After all that I had to go to town for a doctor's appt., grocery shop (why do we eat so much?) and do some other errands. I came back thoroughly pooped.
Ian and Julie had their own kind of disaster in the form of a prolonged trip home. Roger's Pass was closed due to avalanches, so they had to turn around and go back to Revelstoke to spend the night. The road was still treacherous the next morning, and about 30 miles short of Calgary a traffic accident closed the highway so they had to backtrack and take the old two-lane highway into the city. What should have taken 10 hours turned into a 36 hour ordeal.
The Tinpalace is officially a shambles. Tony spilled bird seed on the floor while filling the container yesterday, I haven't washed dishes since yesterday's breakfast, and computer bits are strung everywhere. Ian also brought Tony's big old desk Mac. Since Tony nearly killed my laptop I have beaten him with a hot poker every time he even looked like he wanted to use the Baby Mac. We left his old Mac behind because it takes up so much room, but I decided it was no sacrifice not to be able to use the table if it makes him happy and keeps his hands off my laptop. Baby Mac is no longer new, and was the smallest, cheapest model they made when I bought it, but I keep my research on it and the thought of losing even a day of that gives me the willies.
Though I can hardly wiggle I looked at the drooping paper on the back ceiling this morning and something snapped. I got up on the bunks and ripped all that paper down. I'll paint the ceiling this summer. I don't know where I got the energy, and for the rest of the day I will probably only get up from my bunk to eat and well.... go to the one room in the Tinpalace that has a door. But that's okay. I accomplished something, even if it wasn't what needed doing worst.
Friday, February 16, 2007
Yesterday in about three degrees and with heavily overcast skies I went big grocery shopping, to the pharm, and the PO, so today I weakly. I will overcome and take the cat outside for a good walk! Just gimme a minute.
I've been sitting here watching the local Oliver channel (18), which was running their broadcast of the weekly Oliver Senior's Centre Dance. Last week over 200 seniors attended. Some of them dance like me, stumble, plod - plod - plod, in no particular rhythm, but many of them dance beautifully, with lots of energy, bounce, fancy footwork and precision. The idea is to have a good time, socialize and it looks like dern good exercise too.
The band may not be world-class, and the songs they play may have somewhat indeterminate and wandering melodies, but they have a good beat and you can obviously dance to them! I enjoy watching them all enjoy themselves so much.
But it suddenly struck me funny that, here I sit at 61, watching folks mostly a few years older than myself, dance on television. Fifty or so years ago I was doing the same thing, hurrying home every day after school to watch Dick Clark's American Bandstand, where kids a few years older than myself danced round and round and round...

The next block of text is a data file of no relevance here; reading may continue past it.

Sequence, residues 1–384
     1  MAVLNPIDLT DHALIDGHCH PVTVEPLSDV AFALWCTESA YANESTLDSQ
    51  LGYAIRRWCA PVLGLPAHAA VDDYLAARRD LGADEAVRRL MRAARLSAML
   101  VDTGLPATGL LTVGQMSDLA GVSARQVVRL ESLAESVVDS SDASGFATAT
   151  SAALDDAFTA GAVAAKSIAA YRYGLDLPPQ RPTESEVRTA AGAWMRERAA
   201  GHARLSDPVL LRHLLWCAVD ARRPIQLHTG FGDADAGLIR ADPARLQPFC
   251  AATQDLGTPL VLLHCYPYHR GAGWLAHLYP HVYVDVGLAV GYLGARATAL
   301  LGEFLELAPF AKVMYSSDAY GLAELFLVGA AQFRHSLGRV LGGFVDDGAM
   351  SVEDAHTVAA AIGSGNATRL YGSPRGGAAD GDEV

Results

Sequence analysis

The more things change the more they stay the same.
Tuesday, February 13, 2007
The last few days have been three or four degrees above freezing, so the ice and snow we've had on the ground since November has finally almost disappeared, on the valley floor anyway. The mud is drying up and the trees and bushes are sending up tender new growth in a rainbow of colours.
Penticton is 30 miles (43 km) from Oliver, and all along the route we saw the delicate golden green of new willow fronds, rosy-coloured shoots in the orchards so thick that they looked like pink smoke, and along creek beds the cranberry glow of coral dogwood branches. Not a leaf in sight, though the grass in the occasional vineyard or field is greening up.
It was a pleasant drive, if you ignore the 18-wheeler that sat on my back bumper at 90 km an hour in the long no passing section. I was doing over the limit which was not enough for him. We finally hit a wider spot, I pulled to the shoulder and let him fly past, where he sat in front of me, going no faster than I had been, until we came to the government way station and he was forced to pull off the road to weigh his load.
We found the hospital easily. The young cardiologist was very pleasant, and I passed the BP test 110/80, aced the echocardiogram, and managed five minutes on the devil mill. I could have gone ten minutes if need be, at a moderate speed. But when they turned it to "roadrunner" my legs quickly forgot how to work my feet.
The cardiologist asked, "What do you mean you are having trouble making your legs work?"
"I can't coordinate them this quickly! They simply don't work this fast. I sort of have to think about walking anyway and I can't think this fast!"
He pushed me to keep at it 20 seconds more, which I did by hanging onto the bar and supporting part of my weight on my arms. But it was my legs and not my heart that stopped my walk.
My heart is fine, according to him. Like I said, I have a wonky EKG and when my potassium gets low my heart muscle complains that it isn't getting the blood it needs. I have no chest pain with exercise under normal conditions.
Once I was finished we found a restaurant which had been recommended and we had lunch. Then we retraced our steps, enjoying the scenery in reverse. I think my arms will be sore tomorrow but the drive wasn't hard.
The cat wasn't even upset when we got back, which he usually is when we leave him for any length of time. He probably slept the whole time.
Saturday, February 10, 2007
In summer with a witching-wand,
In every wheelrut's now a brook,
In every print of hoof a pond.
Be glad of water, but don't forget
The lurking frost in the earth beneath
That will steal forth after the sun is set
And show on the water its crystal teeth.
Two Tramps in Mud Time; Robert Frost
The snow lies in scattered, broken patches, holding on as if hoping that another blast of winter will come and stop its migration to mud. In between the snow patches are the puddles. At night they freeze up, but it doesn't take much warmth to dissolve the ice.